In one of his first acts as FCC Chairman, Ajit Pai announced he was moving forward with his Digital Empowerment Agenda accompanied by the announcement this past Tuesday that the FCC is forming a new federal advisory committee, to be called the New Broadband Deployment Advisory Committee (“NBDAC”). Then-Commissioner Pai had proposed the creation of such a committee, and the creation of “gigabit opportunity zones” last September to expand broadband access to remote and low income areas. The mission of the NBDAC is to provide the FCC with recommendations on how it can best promote broadband deployment. The FCC’s efforts dovetail with the government wide, cabinet level effort under the Broadband Opportunity Council, which has been working to advance broadband deployment and adoption by better coordinating the broadband initiatives of various federal government departments and agencies, including the National Telecommunications & Information Administration and the Department of Agriculture.
Some of the topics that the NBDAC will include: further reforms to the FCC’s pole attachment rules, including a possible reexamination of the rates and charges imposed by pole owners ; identifying regulatory barriers to deployment, including at the local level; and other reforms of FCC policies tied to Sections 253 and 332(c)(7) of the Communications Act, and Section 6409 of the Spectrum Act to encourage deployment of broadband facilities. One item it specifically identifies as a committee priority is drafting a model regulatory code for local governments seeking to foster a favorable regulatory ecosystem for providers considering whether to build broadband infrastructure in the community. The announcement envisions that this model code would encompass topics such as local franchising requirements, zoning rules, permits and right-of-way regulations. Many of the FCC’s universal service programs focus on broadband deployment in rural areas, so it is likely that there will be a particular focus on rural deployment, and the efficacy and challenges of the existing programs, although the scope of the committee’s mandate extends to urban areas as well. Fellow Republican Michael O’Rielly for one, has expressed concern about the past broadband deployment policies and their implementation.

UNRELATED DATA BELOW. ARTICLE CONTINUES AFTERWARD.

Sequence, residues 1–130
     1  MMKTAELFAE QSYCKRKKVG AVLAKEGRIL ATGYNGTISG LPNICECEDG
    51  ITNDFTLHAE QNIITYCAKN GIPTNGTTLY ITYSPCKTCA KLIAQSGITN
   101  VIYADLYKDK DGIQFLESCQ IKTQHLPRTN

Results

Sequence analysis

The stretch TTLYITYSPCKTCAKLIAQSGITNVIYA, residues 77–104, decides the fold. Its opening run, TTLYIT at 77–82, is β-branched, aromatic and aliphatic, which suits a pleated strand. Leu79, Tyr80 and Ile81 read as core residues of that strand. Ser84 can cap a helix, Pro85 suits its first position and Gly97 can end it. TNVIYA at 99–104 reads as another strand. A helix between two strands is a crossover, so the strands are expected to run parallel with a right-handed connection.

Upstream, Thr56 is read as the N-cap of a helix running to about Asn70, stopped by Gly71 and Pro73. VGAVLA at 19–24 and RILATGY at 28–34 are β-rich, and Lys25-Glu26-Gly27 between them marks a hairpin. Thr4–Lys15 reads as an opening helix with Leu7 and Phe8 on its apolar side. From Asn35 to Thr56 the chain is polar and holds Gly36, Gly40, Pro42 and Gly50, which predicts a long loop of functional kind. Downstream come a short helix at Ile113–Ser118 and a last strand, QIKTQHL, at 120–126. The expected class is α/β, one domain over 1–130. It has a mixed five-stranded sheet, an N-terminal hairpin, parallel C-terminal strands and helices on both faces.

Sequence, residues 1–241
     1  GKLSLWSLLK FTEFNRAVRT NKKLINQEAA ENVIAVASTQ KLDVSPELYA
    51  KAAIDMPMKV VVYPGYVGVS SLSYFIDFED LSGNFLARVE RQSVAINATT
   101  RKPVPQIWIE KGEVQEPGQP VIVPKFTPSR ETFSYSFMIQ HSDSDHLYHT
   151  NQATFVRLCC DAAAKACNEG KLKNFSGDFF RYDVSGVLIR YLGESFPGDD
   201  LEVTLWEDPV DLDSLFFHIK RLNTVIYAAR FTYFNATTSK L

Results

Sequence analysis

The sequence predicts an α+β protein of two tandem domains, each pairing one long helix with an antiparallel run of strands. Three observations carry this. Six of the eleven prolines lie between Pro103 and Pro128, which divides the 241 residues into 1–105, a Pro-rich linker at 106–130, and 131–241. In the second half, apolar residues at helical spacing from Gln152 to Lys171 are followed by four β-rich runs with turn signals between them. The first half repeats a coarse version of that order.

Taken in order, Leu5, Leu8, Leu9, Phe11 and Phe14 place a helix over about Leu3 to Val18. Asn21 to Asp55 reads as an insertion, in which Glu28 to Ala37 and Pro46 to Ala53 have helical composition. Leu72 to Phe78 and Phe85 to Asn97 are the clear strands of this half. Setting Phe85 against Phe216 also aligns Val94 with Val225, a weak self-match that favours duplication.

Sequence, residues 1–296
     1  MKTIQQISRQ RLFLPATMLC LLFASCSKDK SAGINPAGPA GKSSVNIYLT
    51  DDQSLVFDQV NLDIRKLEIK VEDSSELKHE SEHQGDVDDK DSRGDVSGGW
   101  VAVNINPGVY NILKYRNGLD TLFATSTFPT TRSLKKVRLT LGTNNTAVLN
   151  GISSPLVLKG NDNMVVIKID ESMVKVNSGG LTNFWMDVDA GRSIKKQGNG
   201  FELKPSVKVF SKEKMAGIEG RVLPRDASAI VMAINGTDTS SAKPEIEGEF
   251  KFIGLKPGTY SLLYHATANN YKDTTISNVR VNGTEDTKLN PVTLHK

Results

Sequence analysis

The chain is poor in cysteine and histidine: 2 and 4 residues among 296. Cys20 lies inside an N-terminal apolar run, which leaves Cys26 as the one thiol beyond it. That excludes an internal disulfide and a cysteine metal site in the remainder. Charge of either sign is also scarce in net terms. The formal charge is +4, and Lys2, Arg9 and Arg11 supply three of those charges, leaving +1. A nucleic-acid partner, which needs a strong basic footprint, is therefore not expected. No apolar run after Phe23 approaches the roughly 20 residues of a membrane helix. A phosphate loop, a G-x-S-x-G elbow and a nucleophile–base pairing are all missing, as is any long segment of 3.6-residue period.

The FCC is seeking qualified individuals from ISPs, cable operators, trade associations, governmental agencies (local, state and federal), consumer and community organizations and other stakeholders willing to commit to a two-year term and attend three in person meetings per year. Participants must also be willing to serve on a subcommittee, and the time involved, the notice warns, may be substantial. Lobbyists are not eligible to participate. Additional details are provided in the Public Notice that accompanied the announcement, including how to submit nominations, which are due February 15, 2017.